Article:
How COVID-19 is changing the consumer landscape: High street fashion

May 06, 2020, 3:01 PM GMT+0

YouGov Plan and Track data shows Britons are less likely to be buying clothes, but there could be a gap in the market for fashion subscription services

In a stark warning to the high street before the COVID-19 lockdown began, the boss of Next, Lord Wolfson, said "people do not buy a new outfit to stay at home.” Indeed, YouGov Plan and Track data suggests that Britons are spending less on clothes than usual - but it also reveals that there are opportunities for brands to explore.

Demand for clothing is down two fifths

The proportion of Brits who say they are likely or very likely to purchase new clothing in the next three months has dropped dramatically in comparison to this time last year. In the first week of May 33% of Brits said they would be likely to shop for clothes, compared to half (53%) at the same point in 2019.

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With lockdown in effect, the 29% of Brits still intending to buy clothes will be turning to online shopping for their fashion fix – so should brands focus on their online retail for the duration of lockdown? Most Britons (67%) say that it’s acceptable to order non-essential items online during the pandemic - only 26% of Brits said it shouldn’t be done.

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However, despite Britons largely approving of lockdown shopping, it’s vital that brands manage their response to COVID-19 correctly, as we have seen with certain brands in the alcohol sector. For example, BrewDog, who saw their positive buzz increase after the company began producing hand sanitizer for the NHS.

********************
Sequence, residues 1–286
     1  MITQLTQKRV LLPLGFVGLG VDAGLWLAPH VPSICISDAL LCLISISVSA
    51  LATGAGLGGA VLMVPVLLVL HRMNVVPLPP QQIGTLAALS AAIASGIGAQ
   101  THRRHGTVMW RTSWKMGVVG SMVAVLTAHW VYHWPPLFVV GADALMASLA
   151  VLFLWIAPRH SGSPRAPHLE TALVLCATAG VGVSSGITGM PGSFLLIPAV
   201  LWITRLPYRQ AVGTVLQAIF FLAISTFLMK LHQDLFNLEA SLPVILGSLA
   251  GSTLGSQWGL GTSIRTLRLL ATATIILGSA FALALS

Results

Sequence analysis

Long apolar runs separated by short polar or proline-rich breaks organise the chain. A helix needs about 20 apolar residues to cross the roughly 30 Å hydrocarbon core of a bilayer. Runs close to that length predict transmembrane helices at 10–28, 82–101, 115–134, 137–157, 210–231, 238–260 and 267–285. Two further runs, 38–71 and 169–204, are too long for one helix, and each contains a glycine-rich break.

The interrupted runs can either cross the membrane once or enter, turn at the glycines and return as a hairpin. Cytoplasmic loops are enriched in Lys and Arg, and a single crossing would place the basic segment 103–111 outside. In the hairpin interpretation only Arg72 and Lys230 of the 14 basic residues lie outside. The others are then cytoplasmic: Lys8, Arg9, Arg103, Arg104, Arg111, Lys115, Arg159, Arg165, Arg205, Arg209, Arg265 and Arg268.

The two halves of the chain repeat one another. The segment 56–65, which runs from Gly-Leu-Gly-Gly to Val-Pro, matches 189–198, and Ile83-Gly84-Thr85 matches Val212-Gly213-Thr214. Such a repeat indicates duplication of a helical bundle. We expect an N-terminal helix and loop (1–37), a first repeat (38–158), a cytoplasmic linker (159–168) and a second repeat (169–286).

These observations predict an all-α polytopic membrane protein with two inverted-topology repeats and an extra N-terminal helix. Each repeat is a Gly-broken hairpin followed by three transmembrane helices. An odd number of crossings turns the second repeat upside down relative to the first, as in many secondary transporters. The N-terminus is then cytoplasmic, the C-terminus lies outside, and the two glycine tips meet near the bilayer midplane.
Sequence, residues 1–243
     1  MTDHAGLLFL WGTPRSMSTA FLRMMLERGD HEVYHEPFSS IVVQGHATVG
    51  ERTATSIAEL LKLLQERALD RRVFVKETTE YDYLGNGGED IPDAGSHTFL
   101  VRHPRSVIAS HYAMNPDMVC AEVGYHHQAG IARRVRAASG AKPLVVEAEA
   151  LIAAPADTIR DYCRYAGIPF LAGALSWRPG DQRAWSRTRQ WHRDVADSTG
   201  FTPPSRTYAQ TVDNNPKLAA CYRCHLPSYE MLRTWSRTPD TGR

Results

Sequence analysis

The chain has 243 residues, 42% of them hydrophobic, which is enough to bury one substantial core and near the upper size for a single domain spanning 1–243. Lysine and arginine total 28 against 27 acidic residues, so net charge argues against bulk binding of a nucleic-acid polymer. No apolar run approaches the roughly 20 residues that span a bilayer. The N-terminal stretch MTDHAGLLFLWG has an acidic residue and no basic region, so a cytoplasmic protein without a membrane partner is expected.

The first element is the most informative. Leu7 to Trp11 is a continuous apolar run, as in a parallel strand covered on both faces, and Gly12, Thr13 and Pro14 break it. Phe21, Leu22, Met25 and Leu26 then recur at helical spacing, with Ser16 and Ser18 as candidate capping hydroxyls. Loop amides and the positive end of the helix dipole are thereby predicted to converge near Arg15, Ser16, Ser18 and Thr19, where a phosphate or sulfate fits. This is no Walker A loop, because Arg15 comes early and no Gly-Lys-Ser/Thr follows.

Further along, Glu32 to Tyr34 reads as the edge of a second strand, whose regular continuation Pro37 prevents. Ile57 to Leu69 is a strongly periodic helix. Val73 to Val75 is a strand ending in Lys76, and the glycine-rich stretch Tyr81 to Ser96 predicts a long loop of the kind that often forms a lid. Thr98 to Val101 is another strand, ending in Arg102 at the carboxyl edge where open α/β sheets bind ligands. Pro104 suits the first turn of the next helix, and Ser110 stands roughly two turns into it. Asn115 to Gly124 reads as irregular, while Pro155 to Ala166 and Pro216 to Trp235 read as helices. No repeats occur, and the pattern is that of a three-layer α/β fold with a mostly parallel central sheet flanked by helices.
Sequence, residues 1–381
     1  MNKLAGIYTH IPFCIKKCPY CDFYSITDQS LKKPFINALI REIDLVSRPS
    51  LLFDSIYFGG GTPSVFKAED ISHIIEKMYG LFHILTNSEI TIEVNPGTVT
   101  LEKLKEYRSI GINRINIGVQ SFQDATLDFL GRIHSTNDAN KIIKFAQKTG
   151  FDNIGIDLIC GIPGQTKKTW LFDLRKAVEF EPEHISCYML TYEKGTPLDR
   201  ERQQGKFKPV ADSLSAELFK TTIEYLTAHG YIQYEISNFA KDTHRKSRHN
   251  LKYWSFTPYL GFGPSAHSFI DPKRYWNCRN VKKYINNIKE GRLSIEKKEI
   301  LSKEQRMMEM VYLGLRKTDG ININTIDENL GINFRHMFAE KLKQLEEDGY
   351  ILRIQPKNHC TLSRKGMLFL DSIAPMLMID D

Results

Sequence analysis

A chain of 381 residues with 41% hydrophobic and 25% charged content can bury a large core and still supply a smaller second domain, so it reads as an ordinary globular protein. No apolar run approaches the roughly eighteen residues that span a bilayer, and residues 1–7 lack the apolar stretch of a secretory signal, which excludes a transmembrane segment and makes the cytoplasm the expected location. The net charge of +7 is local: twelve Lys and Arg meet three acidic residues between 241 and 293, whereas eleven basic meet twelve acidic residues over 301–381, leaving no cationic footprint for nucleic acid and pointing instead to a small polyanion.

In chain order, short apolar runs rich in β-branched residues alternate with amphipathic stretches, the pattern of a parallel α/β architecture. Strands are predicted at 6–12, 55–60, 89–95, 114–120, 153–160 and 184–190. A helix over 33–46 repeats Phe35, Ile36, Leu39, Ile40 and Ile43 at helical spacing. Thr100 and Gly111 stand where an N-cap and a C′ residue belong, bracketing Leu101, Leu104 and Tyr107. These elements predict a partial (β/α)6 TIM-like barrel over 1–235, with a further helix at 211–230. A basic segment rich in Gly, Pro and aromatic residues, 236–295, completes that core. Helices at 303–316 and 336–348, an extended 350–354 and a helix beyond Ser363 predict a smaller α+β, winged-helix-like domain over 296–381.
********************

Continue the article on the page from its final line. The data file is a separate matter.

Trading online? Brands are damned if they do, damned if they don’t?

Other retailers, such as ASOS have remained trading, while others such as Next and River Island have – at least at certain points – shut up shop both online and on the high street. However, all of these brands have seen downwards trends in their Buzz scores (a net measure of whether consumers have heard anything positive or negative about the brand in the last fortnight) whether they were trading or not.

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For example, when Next ceased online trading its Buzz score rose from 3.9 to 6.4, possibly due to the public viewing it as a positive step to protect workers. However, following this the brand’s score fell again after listing warehouses for sale, and seeing a 45% drop in share prices.

Given that most Britons think purchasing online is acceptable, this suggests that the positive buzz of ceasing trading to protect workers has been outweighed by news of the financial impact on the brand. This is reinforced by a surge in positive buzz following an announcement from Next that they would temporarily resume trading in early April.

On the other hand, ASOS has remained open for business throughout, and has kept its distribution centres open during the pandemic. The brand has also seen its Buzz score slip, from 4.7 to -1.1, possibly due to large amounts of negative press coverage when unions openly voiced concerns about the level of protection against COVID-19 afforded to workers in the distribution centres.